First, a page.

This section is from "The Horticulturist, And Journal Of Rural Art And Rural Taste", by P. Barry, A. J. Downing, J. Jay Smith, Peter B. Mead, F. W. Woodward, Henry T. Williams. Also available from Amazon: Horticulturist and Journal of Rural Art and Rural Taste.
An article in the Horticulturist in reference to a supply of water for the garden, etc., has induced me to inquire what is the best method of bringing water in pipes? In the Patent Office Report for 1849-50 is a communication in regard to pipes of hydraulic cement) describing the manipulations to be performed in its construction. If you know about the cost as compared with lead or wood - also as to its durability, you would confer a favor by giving us an article on the subject I understand that pipes of cement have been used in Western New York many years. Abiel Briggs. - Sharon.
The extra water thrown up by rams is generally wasted, but a good contriver will make it useful for irrigating his garden, through which it may be conducted with scarcely any cost, by having a narrow board with low sides - as already described - that will move here and there, and while they stop the water, open at the same time an egress for it where it is wanted, say on a strawberry bed; complete irrigation may be practised, without any perceptible loss of time.
These hints should not be thrown away, and though they may seem little to great minds, life is short enough to make it an object to economize time and labor. In neighborhoods where much building is going on, such improvements may be well known, but there must be places where one or more of them has not penetrated.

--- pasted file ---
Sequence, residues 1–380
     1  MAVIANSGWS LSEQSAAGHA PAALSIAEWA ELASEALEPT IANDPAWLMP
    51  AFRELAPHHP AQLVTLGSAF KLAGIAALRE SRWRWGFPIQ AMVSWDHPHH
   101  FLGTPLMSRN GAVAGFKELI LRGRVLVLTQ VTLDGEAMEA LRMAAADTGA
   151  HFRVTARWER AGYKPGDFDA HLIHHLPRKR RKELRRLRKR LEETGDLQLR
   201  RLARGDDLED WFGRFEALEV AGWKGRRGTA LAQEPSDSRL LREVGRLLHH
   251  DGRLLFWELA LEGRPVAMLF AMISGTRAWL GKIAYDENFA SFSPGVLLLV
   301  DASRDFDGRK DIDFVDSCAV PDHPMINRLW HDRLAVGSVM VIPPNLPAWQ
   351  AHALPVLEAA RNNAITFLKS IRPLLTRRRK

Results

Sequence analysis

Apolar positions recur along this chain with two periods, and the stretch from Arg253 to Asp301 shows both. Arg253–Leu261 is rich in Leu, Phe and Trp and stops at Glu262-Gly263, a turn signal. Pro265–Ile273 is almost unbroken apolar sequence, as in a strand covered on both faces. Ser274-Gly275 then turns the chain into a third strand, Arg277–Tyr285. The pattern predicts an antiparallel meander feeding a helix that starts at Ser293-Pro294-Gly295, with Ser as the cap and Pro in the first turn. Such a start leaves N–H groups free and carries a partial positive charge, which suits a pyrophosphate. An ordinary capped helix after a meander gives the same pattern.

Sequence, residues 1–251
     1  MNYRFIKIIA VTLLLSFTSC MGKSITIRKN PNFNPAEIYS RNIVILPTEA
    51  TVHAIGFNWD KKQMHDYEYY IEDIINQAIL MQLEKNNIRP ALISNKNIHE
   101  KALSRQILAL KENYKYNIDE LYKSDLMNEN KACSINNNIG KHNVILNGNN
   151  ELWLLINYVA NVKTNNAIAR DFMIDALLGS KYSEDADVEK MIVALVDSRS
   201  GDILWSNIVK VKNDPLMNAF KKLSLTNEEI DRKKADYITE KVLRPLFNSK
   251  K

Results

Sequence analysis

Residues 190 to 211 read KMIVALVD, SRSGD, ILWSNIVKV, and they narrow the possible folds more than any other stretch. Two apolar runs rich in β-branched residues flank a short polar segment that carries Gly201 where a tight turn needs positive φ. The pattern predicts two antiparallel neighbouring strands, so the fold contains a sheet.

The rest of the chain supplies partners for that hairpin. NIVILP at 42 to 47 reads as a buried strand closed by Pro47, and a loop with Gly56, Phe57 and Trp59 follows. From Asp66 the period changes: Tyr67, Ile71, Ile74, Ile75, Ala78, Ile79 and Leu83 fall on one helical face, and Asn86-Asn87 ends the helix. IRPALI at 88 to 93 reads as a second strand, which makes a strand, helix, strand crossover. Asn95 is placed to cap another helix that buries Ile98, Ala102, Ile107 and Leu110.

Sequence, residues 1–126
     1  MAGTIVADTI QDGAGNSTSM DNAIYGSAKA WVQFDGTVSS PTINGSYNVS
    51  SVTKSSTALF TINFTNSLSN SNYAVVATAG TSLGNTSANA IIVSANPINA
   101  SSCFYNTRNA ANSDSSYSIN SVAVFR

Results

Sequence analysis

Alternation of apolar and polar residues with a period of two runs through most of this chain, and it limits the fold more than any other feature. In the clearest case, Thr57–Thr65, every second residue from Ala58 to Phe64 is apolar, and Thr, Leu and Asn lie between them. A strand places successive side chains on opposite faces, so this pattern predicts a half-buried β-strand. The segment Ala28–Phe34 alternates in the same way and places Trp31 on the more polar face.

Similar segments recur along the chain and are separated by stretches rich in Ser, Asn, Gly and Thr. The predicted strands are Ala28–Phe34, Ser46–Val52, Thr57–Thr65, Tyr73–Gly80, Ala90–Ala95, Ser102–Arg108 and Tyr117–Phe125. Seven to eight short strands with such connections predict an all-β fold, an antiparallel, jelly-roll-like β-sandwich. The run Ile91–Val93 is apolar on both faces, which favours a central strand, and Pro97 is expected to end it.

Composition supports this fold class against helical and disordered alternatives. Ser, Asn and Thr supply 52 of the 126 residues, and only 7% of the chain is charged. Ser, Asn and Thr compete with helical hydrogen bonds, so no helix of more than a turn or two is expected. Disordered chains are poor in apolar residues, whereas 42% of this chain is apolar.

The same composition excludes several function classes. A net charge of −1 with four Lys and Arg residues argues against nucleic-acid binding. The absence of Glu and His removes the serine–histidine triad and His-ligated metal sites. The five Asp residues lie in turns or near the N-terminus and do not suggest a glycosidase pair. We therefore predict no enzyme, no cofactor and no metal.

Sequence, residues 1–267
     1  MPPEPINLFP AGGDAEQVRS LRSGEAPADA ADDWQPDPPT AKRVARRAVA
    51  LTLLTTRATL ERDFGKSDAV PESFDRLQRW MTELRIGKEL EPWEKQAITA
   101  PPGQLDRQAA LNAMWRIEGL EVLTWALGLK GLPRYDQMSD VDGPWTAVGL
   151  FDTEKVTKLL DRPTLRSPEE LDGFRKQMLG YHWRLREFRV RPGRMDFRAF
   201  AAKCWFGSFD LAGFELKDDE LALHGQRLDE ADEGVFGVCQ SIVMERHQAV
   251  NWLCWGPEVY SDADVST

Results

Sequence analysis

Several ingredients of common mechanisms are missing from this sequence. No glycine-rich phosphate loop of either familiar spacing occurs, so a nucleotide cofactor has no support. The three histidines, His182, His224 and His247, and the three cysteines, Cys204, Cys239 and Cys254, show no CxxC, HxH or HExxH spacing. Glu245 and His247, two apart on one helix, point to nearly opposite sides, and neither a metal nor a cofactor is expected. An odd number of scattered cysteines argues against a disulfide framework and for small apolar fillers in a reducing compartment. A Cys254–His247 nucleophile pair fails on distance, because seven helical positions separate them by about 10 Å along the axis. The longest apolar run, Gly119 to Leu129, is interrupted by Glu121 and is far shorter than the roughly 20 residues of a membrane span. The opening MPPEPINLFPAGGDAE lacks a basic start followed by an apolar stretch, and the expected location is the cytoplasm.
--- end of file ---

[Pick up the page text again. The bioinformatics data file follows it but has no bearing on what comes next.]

The water from the aequeducts was finally received into huge reservoirs, one for public use in supplying the fountains, and one for private use in supplying the dwellings. When a supply was granted to a private individual, a branch pipe was inserted in the main; from this it was distributed to the leaden cisterns common to every house, and the supply was measured by a bronte tube termed calix, and which was stamped like an imperial measure; this calix was in the time of Agnetus constructed of lead; but the fashion was put a stop to when it was discovered that the water officers used to cheat the inhabitants by compressing the pipe. - Builder.
It is an injury to frequently water plants on the surface soil. Reflection will convince any one that a pot full of soil cannot receive sufficient water to thoroughly wet the roots. It is time saved, once a week, to place the plants in a deep vessel of water, keep in the water until the air bubbles cease; also sponge over and under the foliage. It will keep the plants healthy. - Am. Farmer.
I have been making an aquarium, - plate-glass front and back, and slate ends and bottoms, - and was very much puzzled to get it water-tight.. Here is the recipe for a cement that is waterproof, and will stand either heat or cold: - One part gutta percha; two parts pitch; simmered in a ladle, and well stirred. When hot pour it in the joint, and let it cool gradually. When cold it is tight. - Rosea.